People who have arthritis may have damaged cartilage and synovial, the synovial is a protective fluid we have in our body. Your immune system may kill off your cartilage, this then attacks the synovial which allows white blood cells to go into the person’s body. This form of arthritis effects any joint in the body and may cause redness, swelling and tenderness in the joint. Since the cartilage and synovial protects the bones, if someone has arthritis they will have their friction with their bones.
Signs and Symptoms Edit
Symptoms of arthritis may include joint pain and progressive stiffness that develops gradually. Also, arthritis may include painful swelling, inflammation, and stiffness in the fingers, arms, legs, and wrists occurring in the same joints on both sides of the body, especially upon awakening.
The signs of arthritis may be joint pain, and progressive stiffness that develops gradually. In addition more signs and or symptoms can be painful swelling, inflammation and stiffness in the fingers, arms, legs, and wrists this happens in both sides of one’s body.
These are just the visible signs and symptoms of arthritis which is when you start to feel pain when moving the bone and is dismissed by relaxing the bone.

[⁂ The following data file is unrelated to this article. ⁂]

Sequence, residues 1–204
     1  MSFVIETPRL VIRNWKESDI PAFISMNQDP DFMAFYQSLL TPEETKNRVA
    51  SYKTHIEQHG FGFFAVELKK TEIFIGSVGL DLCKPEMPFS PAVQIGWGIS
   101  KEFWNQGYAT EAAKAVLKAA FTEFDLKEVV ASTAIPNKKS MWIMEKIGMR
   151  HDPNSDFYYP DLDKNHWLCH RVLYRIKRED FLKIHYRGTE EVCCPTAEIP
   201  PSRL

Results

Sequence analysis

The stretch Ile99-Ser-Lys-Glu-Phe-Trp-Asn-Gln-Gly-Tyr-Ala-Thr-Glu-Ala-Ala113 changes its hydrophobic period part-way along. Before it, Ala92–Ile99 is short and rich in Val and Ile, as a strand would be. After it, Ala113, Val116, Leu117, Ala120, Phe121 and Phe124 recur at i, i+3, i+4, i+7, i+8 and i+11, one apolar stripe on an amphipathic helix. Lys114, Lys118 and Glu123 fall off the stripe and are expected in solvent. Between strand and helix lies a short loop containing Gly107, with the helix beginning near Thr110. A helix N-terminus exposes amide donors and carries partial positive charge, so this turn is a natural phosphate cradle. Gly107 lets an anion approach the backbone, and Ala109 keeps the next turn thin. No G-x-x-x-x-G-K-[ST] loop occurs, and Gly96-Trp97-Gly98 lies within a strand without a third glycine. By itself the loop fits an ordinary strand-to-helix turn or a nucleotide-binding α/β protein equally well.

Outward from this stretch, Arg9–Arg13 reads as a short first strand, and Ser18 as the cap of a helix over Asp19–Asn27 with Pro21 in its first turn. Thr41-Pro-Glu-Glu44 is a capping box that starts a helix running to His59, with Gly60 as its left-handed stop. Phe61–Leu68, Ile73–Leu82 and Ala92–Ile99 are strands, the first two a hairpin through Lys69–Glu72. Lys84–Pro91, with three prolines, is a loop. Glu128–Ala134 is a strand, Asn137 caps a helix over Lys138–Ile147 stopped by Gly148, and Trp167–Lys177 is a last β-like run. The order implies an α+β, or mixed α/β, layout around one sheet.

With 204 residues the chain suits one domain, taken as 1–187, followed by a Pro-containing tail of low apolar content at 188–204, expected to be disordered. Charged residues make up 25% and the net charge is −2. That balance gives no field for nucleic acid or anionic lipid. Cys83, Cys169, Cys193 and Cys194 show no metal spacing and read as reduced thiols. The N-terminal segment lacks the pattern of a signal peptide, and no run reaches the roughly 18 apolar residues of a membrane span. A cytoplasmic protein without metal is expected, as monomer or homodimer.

To diagnose arthritis, your doctor will consider your symptoms, perform a physical examination to check for swollen joints or loss of motion, and use blood tests and X-rays to confirm the diagnosis.Primary care providers are usually the first stop for joint problems. Someone who’s been searching for answers for a while may see to a rheumatologist, a doctor who specializes in diagnosing and treating arthritis and rheumatic conditions, or an orthopaedic specialist, or joint surgeon. All of them are going to approach joint problems in a similar fashion, but with differences in depth and breadth of examination and testing. A physical exam can be done to diagnose arthritis. A joint evaluation is hands-on work. Doctors look to see which joints have visible signs of joint swelling, stiffness or redness. The exam is detailed. Knowing the fingers are affected is a little helpful, but seeing which finger joints -- the knuckles, middle joints or tip joints – is very helpful. If more than one joint is involved, there will be a joint count, and check for whether the pattern is symmetrical, that is, whether the same joint is affected on both sides of the body (for example, both wrists). The doctor will feel the joint for warmth, swelling and fluid. The doctor will move the joints back and forth to see range of motion, and will and gently prod to see if there are tender areas near or far from the joint. Then there are the usual exam steps -- a temperature reading, a check for swollen glands, a look into the eyes and down the throat, as well as a reflex check, too. Depending on the findings, your doctor may order lab and/or imaging tests.Lab Tests: Blood may be drawn to check for levels of inflammation, presence of antibodies, and status of general systems (complete blood count, liver and kidney function, etc.). The doctor may use a needle to draw fluid from the joint for analysis. Sometimes, a genetic test may be ordered. Imaging Tests: X-rays are the most frequently used means of visualizing the joint, but sometimes ultrasound and MRI are used. The image will be read for structural changes in the joint, signs of joint erosions, cartilage loss, soft tissue tears, inflammation, location and amount of fluid, and presence of loose tissue fragments.